Amaranth is a tiny pseudograin and one of the oldest cultivated plants.
It's best known for it's use by ancient cultures of South America where it was a staple food together with corn and quinoa.

Amaranth seeds are relatively high in protein and therefore nice for vegetarians. They are also good for gluten sensitive people as they are free of gluten.

You can corporate amaranth in your diet by cooking it like rice and serving it as side dish. Or include it in dishes like casseroles or vegetarian burgers.

But the most fun you can get from these tiny seeds is popping them like popcorn.
Popped amaranth makes a delicious light and fluffy breakfast cereal. Mix it with milk, soymilk or yogurt. Combine it with oats and add fresh or dried fruits - just like regular cereals.
You can prepare them as a savory snack as well. They taste pretty similar to popcorn. Just use your favorite savory popcorn seasoning and sprinkle it on top of popped amaranth.

This instructable requires the use of a stove and a really hot pot. Please be careful, don't burn yourself or others.
If you want to do this project with kids be extra careful...

Step 1: Materials Needed

Tools required:

a pot (I recommend using a pot with a heavy bottom)
a corresponding pot lid (preferably made of glass)
a spoon
a stove
either: a bowl or plate to put the popped amaranth in
or: a tea towel (If you want to make a bigger batch I recommend to spread the finished amaranth on a tea towel before you put it into a storage container)

Ingedients required:

amaranth grains

Popping amaranth is fairly easy and quick as soon you have a feeling for the process.
But be prepared to possibly to burn some amaranth at your very first attempts. It first takes a little practice - but then it's super easy. (At least thats what I experienced)

<p>Hi Spunk,</p><p>We wrote a guide about amaranth that you will hopefully enjoy reading :)</p><p>&quot;What Is Amaranth - The Ultimate Guide&quot; I'm sure you will learn something new about amaranth :) We also have Popped Amaranth in our online shop, if you sometimes want to go for convenience &lt;3</p><p>http://www.5-am.co/what-is-amaranth-the-ultimate-guide</p><p><a href="http://www.5-am.co/what-is-amaranth-the-ultimate-guide" rel="nofollow">http://www.5-am.co/what-is-amaranth-the-ultimate-g...</a></p>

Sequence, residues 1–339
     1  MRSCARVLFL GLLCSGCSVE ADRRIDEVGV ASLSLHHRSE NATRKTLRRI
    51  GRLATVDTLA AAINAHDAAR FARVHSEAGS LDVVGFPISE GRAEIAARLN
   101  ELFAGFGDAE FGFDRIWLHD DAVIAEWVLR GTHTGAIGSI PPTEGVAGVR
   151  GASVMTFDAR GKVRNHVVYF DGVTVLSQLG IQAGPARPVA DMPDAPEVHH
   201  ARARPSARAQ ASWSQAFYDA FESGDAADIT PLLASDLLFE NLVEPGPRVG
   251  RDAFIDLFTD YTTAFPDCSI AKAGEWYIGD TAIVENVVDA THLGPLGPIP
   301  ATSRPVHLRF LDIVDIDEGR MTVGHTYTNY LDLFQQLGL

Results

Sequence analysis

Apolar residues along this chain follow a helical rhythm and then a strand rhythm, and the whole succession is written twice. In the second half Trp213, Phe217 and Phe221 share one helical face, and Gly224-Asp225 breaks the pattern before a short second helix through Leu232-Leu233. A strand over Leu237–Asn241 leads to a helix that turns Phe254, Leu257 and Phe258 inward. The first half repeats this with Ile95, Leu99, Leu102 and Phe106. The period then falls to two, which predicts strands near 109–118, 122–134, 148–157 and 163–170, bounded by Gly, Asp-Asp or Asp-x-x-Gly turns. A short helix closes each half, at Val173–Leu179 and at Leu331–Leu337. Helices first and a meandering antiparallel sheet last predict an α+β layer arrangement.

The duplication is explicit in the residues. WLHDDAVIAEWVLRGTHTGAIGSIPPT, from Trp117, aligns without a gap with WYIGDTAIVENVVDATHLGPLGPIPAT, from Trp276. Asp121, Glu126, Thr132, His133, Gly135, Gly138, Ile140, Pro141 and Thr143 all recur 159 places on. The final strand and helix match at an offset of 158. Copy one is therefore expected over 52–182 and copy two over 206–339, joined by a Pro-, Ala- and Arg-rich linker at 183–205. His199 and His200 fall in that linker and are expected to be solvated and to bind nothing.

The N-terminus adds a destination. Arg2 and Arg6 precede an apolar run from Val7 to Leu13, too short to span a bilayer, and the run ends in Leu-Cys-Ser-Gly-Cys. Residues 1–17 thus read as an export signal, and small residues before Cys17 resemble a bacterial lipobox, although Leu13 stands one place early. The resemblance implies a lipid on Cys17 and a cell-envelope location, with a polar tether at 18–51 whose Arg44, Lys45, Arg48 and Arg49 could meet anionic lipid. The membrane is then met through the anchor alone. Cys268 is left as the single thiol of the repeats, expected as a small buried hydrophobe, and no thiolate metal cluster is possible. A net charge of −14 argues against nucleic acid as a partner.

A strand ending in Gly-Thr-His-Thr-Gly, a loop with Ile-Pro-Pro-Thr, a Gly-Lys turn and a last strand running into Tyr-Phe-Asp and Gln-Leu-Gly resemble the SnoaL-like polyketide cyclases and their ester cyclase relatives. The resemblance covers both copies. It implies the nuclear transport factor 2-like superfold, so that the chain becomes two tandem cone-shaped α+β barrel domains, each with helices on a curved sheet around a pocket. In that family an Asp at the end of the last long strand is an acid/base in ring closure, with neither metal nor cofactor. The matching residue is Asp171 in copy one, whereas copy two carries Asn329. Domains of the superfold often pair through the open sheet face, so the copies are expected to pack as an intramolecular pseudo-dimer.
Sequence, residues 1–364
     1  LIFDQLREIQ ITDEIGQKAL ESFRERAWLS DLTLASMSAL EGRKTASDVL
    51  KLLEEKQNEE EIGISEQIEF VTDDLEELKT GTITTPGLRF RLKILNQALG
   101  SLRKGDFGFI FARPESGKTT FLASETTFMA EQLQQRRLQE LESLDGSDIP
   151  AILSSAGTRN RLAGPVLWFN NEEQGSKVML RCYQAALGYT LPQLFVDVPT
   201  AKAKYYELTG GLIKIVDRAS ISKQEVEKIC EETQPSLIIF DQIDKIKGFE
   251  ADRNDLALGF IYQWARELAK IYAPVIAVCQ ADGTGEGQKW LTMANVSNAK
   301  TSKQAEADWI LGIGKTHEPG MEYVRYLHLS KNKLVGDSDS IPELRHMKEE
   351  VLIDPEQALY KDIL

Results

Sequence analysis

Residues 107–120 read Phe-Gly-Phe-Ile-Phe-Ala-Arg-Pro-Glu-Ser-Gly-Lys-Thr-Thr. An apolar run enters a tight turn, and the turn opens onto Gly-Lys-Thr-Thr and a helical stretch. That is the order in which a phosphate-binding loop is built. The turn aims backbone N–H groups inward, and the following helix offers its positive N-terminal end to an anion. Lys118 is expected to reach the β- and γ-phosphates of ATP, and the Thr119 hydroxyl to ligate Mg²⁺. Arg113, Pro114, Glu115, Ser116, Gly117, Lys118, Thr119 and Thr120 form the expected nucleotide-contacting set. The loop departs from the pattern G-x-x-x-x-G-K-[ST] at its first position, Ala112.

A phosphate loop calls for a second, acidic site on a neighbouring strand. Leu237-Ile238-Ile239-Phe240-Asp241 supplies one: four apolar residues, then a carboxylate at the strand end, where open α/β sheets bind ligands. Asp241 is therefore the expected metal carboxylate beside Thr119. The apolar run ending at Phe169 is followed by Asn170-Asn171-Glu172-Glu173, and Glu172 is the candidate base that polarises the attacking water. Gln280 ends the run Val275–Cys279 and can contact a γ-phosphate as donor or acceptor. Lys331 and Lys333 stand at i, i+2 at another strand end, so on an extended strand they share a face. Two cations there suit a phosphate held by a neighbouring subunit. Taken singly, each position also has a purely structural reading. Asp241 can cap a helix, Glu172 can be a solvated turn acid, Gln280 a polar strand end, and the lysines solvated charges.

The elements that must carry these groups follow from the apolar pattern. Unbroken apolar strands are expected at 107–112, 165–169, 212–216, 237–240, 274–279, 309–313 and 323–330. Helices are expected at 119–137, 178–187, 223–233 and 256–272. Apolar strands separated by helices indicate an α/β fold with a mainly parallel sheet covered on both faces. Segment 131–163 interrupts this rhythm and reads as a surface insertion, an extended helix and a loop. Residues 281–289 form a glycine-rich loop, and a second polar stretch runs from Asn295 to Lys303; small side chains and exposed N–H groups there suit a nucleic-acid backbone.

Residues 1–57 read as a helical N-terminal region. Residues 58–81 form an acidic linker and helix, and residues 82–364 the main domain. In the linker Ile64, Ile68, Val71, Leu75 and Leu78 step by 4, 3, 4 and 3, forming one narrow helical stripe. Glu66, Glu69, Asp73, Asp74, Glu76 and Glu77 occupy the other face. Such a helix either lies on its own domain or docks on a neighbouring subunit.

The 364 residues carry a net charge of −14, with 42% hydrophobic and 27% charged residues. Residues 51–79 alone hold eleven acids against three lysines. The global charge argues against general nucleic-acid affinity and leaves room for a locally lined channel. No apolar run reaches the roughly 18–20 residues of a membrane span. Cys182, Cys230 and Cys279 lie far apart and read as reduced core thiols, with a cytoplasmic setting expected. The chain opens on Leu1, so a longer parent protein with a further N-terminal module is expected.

Hi Spunk! Love your recipes! It seems we have similar diets. <br><br>I was wondering, do you know if this would work with Quinoa, since their so similar? It's been a challenge for me to find Amarath but Quinoa is very popular here in the USA and easily accessible. <br>Thanks, <br>Petite Allergy Treats
If you have any outdoor space, check out Amazon and buy a seed pack. Apparently it grows like a weed, you can eat the leaves like mustard greens or kale and you can let it re-seed each season!
I've heard you can eat the leaves and most of the plant as well. Haven't tried it because the place that I saw it they used pesticides. I'd eat my own dandelions if not for the same reason
<p>Oh ja, last spring I collected some young dandelion leaves. They were a nice addition in potato salad : ) </p>
i could have used this a year ago I messed up first batch and second popped everywhere. tastes good and you can grow it super easily
<p>I also had trouble when I made them first. Lot's of burnt smell in the kitchen : )</p><p>I'd like to grow it as well, I read you can use the leaves like spinach. Have you tried it? </p>
<p>Hej Petite Allergy Treats!</p><p>I've tried to pop other grains as well - but unfortunately with rather few success.</p><p>Although quinoa and amaranth look so similar - the quinoa popped only very little. When I tried to let it pop it was like one of ten grains popped open and the other nine just became crunchy. I considered the result as a improper breakfast cereal for me, but these toasted quinoa grains had a nice nutty flavor and I sprinkled them on top of a salad. </p><p> - I wonder if I had just lazy quinoa or if I used the wrong method.I think its really worth to do some further investigation (because as one out of ten popps - there is actual hope!)</p><p>By the way, I also tried:</p><p>Buckwheat - no popping at all... </p><p>Sorghum/Millet - no popping at all...</p><p>Rice - the grains became crunchy and looked a little bit like very very lean rice crispies. They weren't really nice to eat, much harder to chew than actual rice crispies</p><p>If you experiment with popping grains I would like to see the results!</p><p>Good luck on the amaranth hunt!</p><p>Greetings,</p><p>spunk</p>
<p>I'd like to clarify my comment above as I just realized sorghum and millet aren't really the same: For my experiments I used millet (the tiny grains) which didn't react in popping manner. </p><p>Apparently sorghum (the big grains) pops very well - there are several videos on youtube showing great result. I'd like to try it but I think sorghum is quite hard to get here...</p>

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Bio: I like to divert stuff from its intended use. Most of my crafting is based on re-use and recycling due to my urge to use ... More »
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